I began to research this historical fact and came upon this reference from Manitoba’s Aboriginal Justice Inquiry.

"At the (Lido) movie theatre, each group sat on its own side; in at least one of the bars, Indians were not allowed to sit in certain areas"

This was the reality in 1971 and the reason the inquiry was looking at this point in history is that this was when Helen Betty Osbourne was murdered. The young girl from Norway House was attending school in The Pas when she was raped and brutally murdered. Her murder was not investigated for years although it had become an open secret in the town. Everyone knew the truth. Yet the truth was also – “Who cares she’s just an Indian Girl.”

Today segregation is no longer accepted although whether it is tolerated is another question. The issue of murdered and missing Indigenous woman and girls continues to haunt our communities.

Though the new $10 bill will mark a victory for Black Civil Rights and for women in Canada it is not a time for Canadians to humbly brag about their superiority. The brave act of Viola Desmond may have been nearly 10 years before Rosa Parks. But 25 years after her defiance of whites only seating in a Nova Scotia theatre that racist segregation still existed against Indigenous Peoples in The Pas, Manitoba. And for the years since and continuing today the national tragedy of Murdered and Missing women and girls remains. A tragedy that exists in a country that still draws racial lines.














Thursday, December 8, 2016

Two Stone Colds

It’s was 10:30 in the morning and the bus was full. Most of the people were on their way to some kind of productive activity many likely going to work or perhaps school others out to spend money and support the economy. I was working on a freelance project and was heading to the downtown library to do some research.

The bus stopped around Main Street and Dufferin and a Native couple got on board. They looked to be in their early to mid-thirties and had the shiny faced visage of a long night becoming day. In his arms the man clutched to his chest like precious twin babies, a pair of two liter plastic bottles of Stone Cold Beer. This is a locally brewed Manitoba product that has a strong 6.2% alcohol content and is a 2 liter bargain for under $9.00.

Is it possible for an entire bus to tense up at the same time? Maybe. I know I did. I have been a public transit person for most of my life. I have been on the bus through the core of Winnipeg thousands of times. I have seen this scene more than a few times. A Native person gets on board and they are highly inebriated and they want to get the attention of the entire bus. Sometimes in vulgar and inappropriate ways.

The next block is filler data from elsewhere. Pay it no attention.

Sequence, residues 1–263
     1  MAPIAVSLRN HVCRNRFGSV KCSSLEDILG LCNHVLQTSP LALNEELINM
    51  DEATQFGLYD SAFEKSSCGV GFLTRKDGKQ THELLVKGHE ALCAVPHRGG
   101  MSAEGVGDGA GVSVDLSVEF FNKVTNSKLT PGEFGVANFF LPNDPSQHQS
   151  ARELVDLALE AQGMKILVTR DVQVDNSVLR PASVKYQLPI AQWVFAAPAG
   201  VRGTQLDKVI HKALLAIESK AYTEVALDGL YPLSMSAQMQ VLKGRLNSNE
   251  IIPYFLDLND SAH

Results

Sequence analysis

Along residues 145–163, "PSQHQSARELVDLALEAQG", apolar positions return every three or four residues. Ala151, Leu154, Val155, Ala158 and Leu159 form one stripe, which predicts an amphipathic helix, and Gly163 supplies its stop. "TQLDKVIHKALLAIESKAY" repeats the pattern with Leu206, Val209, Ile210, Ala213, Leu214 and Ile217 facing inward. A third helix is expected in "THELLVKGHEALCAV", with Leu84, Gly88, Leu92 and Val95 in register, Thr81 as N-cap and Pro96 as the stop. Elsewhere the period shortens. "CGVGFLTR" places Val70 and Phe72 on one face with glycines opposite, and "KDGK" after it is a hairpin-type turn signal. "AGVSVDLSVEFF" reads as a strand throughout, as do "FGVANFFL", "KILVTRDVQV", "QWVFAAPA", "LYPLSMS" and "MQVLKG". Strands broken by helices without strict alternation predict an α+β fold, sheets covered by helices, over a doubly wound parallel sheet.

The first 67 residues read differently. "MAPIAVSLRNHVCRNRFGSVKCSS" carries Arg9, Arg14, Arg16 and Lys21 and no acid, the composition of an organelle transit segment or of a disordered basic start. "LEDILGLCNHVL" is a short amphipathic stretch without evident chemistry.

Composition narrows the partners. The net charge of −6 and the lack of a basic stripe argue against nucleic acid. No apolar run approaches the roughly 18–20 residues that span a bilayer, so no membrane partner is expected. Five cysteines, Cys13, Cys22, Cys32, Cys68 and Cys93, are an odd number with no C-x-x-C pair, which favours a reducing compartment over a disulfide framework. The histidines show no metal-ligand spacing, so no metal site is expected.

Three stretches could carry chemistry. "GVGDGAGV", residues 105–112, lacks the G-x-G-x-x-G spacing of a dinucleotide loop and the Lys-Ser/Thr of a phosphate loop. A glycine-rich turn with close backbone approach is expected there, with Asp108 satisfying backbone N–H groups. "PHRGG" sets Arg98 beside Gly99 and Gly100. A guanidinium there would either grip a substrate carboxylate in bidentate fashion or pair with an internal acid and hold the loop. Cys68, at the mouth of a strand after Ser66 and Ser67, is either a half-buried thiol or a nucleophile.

It isn’t long before the man begins to make his presence known. He speaks loudly to the older man sitting directly across him as they are both up front where the seats face each other and not straight ahead.
“Hey Buddy, Do you know who I am?”
The older man shakes his head.
“I’m A-Nish-A-Naw-BAE”. He says it like that. With much emphasis on each vowel, not the smooth way that some people say it and he really punches the "BAE".
The older man nods his head.
The man sticks out his hand, “Welcome to my country!” I have to hold back a smile on that.
The man turns to his partner whose face I cannot see but for some reason I feel holds a look of amusement. He says “So you know what I said to the first old white man?”
“I said Hey Buddy…I’m a little short.”
“And he gives me .35 cents”
“And you know what I said to the second old white man?”
“I said Hey Buddy…I’m a little short.”
Now, I can hear his partner chuckling. She is clearly admiring her raconteur.
“And you know what? He gives me .50 cents”
“And look at me now.”
Here he takes the two bottles that he had been hugging to his heart and lifted them up in a raise the roof motion.
He says triumphantly, “Two Stone Colds.”
It was a great performance and his partner chuckled with appreciation.

There were a few more exchanges but that was the most memorable. They got off at Winnipeg City Hall and the collective sphincters upon the bus relaxed.

I thought how this plays out in this city in different ways and how this is something that the regular Canadian can’t stand. They can deal with the notion of a street person or someone living close to that life being ashamed, being timid and being beaten down. This is not always the reality.

I have had experiences where a street person has punctured my own ego. One time I was heading to a meeting and I was dressed up, suit coat, nice shirt, pants, shoes and running late. I had gone to the wrong downtown hotel. Now I was walking frantically down Portage Avenue and was on my fancy new blackberry texting away to my boss trying to get directions. Suddenly, I hear, “Hey, Big Sot! Big Sot!”